Class H sections are either hot-formed to final shape, or cold-formed to final shape and then stress-relieved. Class C sections are cold formed and are not stress relieved. Thus, due to the difference in methods of manufacture, Class H sections have a more favourable residual stress pattern. Accordingly, Class H sections can be designed for a larger axial compressive resistance than Class C sections, in accordance with Clause 13.3.1 of CAN/CSA S16.1-94 "Limit States Design of Steel Structures".

    Class C sections are the sections normally available in stock, in steel service centres, for example. Class H sections usually require a special mill order, and are more expensive than Class C sections. Thus, if the tonnage of a single size of HSS is large enough to justify a mill order directly from the manufacturer, and the increase in strength offsets a higher cost of material, Class H sections may be the preferred alternative. Otherwise, Class C sections are likely to be a more suitable choice.

    Question 3 - Is there any relationship between Class C sections of CSA Standard G40.21 and grade C material of ASTM specification A500?

    Answer 3 - No, none whatsoever.

    Question 4 - What is the difference between the 1987 and the 1992 editions of CSA Standards G40.20, with respect to wall thickness tolerances for hollow structural sections?

    Answer 4 - Table 31 of CSA Standard G40.20-92 "General Requirements for Rolled or Welded Structural Quality Steel" states that "the actual weight of an individual length of hollow structural section shall not deviate from the published weight by more than -3.5% or +10%". The metric version of the standard says the same thing, substituting the word "mass" for the word "weight". Table 31 in the 1987 edition of the CSA G40.20 Standard has exactly the same requirement. This requirement has existed in the relevant standard since it was first published in 1969 as clause 6.1 in CSA Standard G40.15 "General Requirements for Delivery of Welded or Seamless Hollow Structural sections", which was one of a group of steel material standards published by CSA prior to the initial publication of CSA Standards G40.20 and G40.21 in 1973.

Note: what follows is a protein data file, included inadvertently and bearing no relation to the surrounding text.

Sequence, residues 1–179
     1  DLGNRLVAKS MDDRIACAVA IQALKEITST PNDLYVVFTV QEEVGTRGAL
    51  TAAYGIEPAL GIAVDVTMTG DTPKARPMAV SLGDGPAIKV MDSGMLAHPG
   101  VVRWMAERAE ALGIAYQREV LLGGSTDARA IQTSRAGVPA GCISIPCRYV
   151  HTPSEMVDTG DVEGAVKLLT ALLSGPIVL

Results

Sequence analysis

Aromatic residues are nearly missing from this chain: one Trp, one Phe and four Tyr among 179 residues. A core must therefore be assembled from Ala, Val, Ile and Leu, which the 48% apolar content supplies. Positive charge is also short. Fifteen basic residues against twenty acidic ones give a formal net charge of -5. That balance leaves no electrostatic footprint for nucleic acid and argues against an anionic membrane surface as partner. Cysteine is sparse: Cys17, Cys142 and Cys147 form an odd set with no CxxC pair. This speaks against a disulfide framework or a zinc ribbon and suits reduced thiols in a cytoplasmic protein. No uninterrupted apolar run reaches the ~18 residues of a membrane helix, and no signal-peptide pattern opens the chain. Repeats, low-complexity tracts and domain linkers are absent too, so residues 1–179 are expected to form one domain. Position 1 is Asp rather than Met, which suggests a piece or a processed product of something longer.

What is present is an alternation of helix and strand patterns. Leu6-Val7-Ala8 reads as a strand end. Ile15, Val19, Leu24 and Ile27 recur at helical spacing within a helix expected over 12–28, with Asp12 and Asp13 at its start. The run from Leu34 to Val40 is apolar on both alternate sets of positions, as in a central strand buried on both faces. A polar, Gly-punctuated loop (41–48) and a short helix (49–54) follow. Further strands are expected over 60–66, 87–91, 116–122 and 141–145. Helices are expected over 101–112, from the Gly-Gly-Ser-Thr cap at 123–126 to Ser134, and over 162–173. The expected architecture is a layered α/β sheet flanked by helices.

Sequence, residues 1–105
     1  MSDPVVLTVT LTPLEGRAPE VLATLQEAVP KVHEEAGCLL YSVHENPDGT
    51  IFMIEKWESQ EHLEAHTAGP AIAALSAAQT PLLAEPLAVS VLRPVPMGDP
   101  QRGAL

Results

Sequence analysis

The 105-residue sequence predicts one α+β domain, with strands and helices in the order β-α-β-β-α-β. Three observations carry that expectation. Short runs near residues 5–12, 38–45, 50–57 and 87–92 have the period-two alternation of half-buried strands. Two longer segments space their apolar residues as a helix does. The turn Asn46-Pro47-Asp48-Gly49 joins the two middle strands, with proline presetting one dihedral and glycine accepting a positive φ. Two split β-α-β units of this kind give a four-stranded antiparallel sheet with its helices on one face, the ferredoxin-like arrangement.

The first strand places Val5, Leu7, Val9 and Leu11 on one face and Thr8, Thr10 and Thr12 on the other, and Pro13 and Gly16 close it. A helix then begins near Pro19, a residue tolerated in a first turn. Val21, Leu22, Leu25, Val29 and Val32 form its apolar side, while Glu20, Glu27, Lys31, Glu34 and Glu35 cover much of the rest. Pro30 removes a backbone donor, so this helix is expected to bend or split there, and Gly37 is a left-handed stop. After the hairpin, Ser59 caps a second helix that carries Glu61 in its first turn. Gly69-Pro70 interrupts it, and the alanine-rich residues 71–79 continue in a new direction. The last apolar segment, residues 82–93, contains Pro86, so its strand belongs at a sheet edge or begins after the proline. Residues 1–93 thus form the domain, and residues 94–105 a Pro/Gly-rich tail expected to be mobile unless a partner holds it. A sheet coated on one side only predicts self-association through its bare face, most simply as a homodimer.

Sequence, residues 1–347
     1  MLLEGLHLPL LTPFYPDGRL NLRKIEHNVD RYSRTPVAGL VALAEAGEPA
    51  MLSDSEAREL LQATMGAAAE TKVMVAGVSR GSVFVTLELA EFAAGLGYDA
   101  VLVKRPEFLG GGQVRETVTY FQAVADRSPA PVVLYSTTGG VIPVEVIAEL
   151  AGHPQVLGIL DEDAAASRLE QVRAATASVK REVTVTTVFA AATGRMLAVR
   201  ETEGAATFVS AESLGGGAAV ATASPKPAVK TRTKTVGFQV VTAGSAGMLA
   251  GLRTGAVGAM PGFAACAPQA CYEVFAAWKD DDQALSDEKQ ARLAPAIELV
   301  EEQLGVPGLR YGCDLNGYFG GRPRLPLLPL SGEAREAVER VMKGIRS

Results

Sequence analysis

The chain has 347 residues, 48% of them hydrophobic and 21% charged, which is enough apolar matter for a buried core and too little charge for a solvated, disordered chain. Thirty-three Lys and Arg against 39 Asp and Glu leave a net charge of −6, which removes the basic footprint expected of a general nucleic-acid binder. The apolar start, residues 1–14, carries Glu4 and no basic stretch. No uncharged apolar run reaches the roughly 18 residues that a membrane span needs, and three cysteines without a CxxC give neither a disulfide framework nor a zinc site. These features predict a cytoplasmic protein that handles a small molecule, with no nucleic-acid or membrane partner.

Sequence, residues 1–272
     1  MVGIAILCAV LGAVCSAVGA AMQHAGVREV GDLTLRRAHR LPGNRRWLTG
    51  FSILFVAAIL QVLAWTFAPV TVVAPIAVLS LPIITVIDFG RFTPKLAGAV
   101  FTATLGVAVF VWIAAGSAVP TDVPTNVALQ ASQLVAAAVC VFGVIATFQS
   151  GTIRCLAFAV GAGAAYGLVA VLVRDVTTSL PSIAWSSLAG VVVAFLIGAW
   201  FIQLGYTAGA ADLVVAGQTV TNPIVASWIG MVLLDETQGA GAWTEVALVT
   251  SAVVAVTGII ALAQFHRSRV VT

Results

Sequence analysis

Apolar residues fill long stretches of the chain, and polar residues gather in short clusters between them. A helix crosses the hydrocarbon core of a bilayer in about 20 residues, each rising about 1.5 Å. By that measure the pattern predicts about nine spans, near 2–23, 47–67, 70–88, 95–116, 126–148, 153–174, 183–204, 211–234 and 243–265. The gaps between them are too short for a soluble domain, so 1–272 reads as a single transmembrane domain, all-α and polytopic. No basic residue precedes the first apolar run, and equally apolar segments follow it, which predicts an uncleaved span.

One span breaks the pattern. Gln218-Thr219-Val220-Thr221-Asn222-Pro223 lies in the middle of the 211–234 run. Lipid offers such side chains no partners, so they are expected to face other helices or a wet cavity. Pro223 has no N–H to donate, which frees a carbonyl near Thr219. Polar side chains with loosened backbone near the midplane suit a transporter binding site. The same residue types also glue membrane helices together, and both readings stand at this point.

The only difference between the 1987 and the 1992 editions of CSA Standard G40.20, as far as hollow structural sections are concerned, is a change in table 32. In the 1992 edition, this table states that "wall thickness shall not deviate by more than -5% or +10% from the nominal wall thickness specified, ....". In the 1987 edition, the maximum deviations permitted were -10% or +10%.

    In spite of this change, certification of hollow structural sections in accordance with the requirements of CSA Standard G40.20 with regard to dimensional and weight (or mass) requirements requires that the sections conform to the specified maximum tolerance for weight per foot (or mass) of table 31, which is the same in both the 1987 and the 1992 editions of the standards.

    Yours truly,

    Hugh A. Krentz, P.Eng.

    For further information, see: Letter of 5 November 1996